We need to pick up the pace and find new ways of working if we’re going to do anything about climate change

Iain Parker

Given that I have heard this word thrown around our great industry for some time, I thought it was worth reflecting for a bit.

So, first of all, what is innovation? Well, it is generally described as “a new method, idea, product; or application of better solutions that meet new requirements”. It is accepted as a different way of doing things to achieve a better result.

As I ponder this blog I am reminded by a TV commercial currently running which features the great Dick Fosbury, Olympic gold medallist and creator of the Fosbury flop high jump technique. For those not familiar, Fosbury decided to jump backwards when everyone else jumped forwards. The notion being that Fosbury “dared to change the rules”, and as we know, everyone now jumps backwards and this way is considered to be the only way to jump if you are to set new standards.

In our industry, current innovations that are quick to be quoted include the use of prefabrication and the much talked about BIM. There are, naturally, other examples of innovation but wouldn’t it be fantastic if the extent and pace of innovation in our industry stepped up a gear?

So why hasn’t it so far? Do we need more Dick Fosburys to “dare to change the rules”? Or do we need more players to follow our industry innovators? Or do we need a good enough reason to be bothered? I certainly don’t have all the answers but let me respond to the last point.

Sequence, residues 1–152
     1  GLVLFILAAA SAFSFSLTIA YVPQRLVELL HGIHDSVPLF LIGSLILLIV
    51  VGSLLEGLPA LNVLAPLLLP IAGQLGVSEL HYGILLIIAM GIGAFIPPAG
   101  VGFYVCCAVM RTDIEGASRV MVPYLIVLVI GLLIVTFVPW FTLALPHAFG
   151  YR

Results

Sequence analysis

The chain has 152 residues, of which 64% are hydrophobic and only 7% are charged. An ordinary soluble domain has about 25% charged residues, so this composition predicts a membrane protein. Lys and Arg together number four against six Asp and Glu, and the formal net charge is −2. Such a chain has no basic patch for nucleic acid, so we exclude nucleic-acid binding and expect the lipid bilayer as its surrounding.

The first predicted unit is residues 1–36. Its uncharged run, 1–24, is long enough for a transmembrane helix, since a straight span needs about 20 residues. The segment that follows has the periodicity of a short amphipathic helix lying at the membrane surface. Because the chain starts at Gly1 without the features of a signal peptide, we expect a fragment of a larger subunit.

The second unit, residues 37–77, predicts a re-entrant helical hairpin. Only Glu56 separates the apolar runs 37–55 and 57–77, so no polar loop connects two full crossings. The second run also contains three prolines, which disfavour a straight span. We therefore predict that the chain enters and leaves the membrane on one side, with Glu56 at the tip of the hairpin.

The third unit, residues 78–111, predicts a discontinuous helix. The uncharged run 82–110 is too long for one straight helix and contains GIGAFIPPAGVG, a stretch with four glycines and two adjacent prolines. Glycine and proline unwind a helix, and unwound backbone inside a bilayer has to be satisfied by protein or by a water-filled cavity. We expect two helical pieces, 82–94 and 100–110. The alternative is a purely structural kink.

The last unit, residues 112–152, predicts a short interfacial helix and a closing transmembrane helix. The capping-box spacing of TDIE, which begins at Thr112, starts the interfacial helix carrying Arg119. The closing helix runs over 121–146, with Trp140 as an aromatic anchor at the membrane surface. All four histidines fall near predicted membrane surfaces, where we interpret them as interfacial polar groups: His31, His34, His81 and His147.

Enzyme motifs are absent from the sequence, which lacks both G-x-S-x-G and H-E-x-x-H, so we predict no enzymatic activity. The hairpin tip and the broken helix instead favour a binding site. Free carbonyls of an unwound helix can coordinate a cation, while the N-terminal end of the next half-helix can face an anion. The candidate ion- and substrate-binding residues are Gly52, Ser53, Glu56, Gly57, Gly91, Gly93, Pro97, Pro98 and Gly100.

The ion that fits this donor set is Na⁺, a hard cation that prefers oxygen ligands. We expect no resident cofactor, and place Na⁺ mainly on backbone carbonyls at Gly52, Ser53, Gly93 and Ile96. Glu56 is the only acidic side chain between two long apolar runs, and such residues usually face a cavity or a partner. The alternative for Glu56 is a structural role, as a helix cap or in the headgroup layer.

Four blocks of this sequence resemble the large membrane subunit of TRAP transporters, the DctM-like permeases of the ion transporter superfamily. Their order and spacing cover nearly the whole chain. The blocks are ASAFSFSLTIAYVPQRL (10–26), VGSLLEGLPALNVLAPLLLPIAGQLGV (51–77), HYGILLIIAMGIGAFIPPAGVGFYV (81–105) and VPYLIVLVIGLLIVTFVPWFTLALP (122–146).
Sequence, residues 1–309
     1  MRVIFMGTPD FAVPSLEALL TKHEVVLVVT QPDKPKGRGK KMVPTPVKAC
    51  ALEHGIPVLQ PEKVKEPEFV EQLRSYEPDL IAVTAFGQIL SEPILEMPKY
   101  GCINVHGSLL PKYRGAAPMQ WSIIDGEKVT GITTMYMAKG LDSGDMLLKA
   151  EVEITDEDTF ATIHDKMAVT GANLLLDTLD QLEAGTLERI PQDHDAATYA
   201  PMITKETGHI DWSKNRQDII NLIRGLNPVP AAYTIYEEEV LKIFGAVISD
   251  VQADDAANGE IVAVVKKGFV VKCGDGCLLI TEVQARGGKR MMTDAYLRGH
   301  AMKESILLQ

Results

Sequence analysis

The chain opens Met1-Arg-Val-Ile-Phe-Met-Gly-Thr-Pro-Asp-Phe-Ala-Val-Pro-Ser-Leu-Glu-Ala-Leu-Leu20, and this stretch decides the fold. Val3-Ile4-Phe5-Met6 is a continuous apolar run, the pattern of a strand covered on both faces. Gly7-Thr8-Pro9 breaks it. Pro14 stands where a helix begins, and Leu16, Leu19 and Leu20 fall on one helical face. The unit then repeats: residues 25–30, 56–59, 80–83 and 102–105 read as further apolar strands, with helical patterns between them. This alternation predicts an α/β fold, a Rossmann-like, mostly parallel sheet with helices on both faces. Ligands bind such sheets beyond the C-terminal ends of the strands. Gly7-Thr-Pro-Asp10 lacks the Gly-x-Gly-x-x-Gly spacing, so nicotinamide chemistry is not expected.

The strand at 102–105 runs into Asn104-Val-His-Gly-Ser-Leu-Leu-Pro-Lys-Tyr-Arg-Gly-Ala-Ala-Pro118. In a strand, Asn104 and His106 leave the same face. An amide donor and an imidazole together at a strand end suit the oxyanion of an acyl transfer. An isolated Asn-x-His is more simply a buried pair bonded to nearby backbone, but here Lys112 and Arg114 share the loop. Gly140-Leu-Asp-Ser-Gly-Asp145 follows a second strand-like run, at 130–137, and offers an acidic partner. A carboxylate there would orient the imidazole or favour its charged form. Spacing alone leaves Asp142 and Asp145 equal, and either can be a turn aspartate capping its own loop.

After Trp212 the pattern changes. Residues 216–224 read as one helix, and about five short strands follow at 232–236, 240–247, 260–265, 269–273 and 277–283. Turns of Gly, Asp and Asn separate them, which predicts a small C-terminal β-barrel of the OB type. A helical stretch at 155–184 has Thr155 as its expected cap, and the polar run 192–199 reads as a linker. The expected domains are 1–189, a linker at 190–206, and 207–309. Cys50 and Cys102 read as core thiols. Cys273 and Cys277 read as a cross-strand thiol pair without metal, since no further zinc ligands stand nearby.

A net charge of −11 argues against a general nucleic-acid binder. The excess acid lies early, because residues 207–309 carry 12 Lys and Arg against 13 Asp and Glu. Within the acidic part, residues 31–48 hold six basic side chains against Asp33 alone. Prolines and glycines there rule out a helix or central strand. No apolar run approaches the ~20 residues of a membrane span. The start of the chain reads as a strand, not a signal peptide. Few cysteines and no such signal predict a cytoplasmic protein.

Wouldn’t it be fantastic if the extent and pace of innovation in our industry stepped up a gear?

On 27 September 2013 the Intergovernmental Panel on Climate Change (IPCC) issued their findings on the physical scientific basis of climate change. The report showed with 95% certainty that humans have been the dominant cause of the changing climate. Atmospheric CO2 has reached unprecedented levels in the last 800,000 years and this has committed us to global warming by the late 21st century and beyond. As part of the Climate Change Act 2008, the UK is committed to reducing greenhouse gas emissions by at least 80% by 2050 (against 1990 levels). Buildings are responsible for about half of the UK’s CO2 emissions, with over 80% ofthis coming from heating, cooling and lighting. So, not being bothered isn’t really an option!

In this respect, and being slightly cynical, I often see a cycle of inaction in my day to day business. Imagine the conversation. Occupier: “We’d like to have more sustainable buildings but there is too little choice”. Builder: “We can build more sustainable buildings but the developers don’t ask for them”. Developer: “We would ask for sustainable buildings but the investors won’t pay for them”. Investor: “We would fund sustainable buildings but there is no occupier demand for them”. And round and round we go …

I paint this slightly controversial picture not to offend, but to make the point that human behaviour and psychology attributable to most of us is not, necessarily, a natural enabler to innovate!

Iain Parker is a founding partner of Alinea Consulting